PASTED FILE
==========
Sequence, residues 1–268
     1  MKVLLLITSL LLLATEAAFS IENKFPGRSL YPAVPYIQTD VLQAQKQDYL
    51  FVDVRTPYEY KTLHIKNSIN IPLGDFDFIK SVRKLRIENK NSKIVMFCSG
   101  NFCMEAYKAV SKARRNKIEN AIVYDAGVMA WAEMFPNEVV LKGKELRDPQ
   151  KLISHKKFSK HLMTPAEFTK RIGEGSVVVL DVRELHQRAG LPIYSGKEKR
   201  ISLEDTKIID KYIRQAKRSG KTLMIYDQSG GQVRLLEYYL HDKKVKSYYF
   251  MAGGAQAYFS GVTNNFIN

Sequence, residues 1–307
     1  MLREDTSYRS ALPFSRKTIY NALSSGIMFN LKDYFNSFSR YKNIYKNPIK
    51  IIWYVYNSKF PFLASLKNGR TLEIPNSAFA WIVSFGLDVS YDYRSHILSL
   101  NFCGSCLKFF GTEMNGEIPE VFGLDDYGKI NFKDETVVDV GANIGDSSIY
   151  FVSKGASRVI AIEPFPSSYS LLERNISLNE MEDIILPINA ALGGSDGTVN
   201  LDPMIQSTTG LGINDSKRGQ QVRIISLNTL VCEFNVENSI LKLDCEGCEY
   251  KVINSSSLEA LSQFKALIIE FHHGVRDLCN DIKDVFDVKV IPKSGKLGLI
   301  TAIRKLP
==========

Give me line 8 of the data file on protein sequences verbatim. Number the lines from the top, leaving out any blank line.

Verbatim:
Sequence, residues 1–307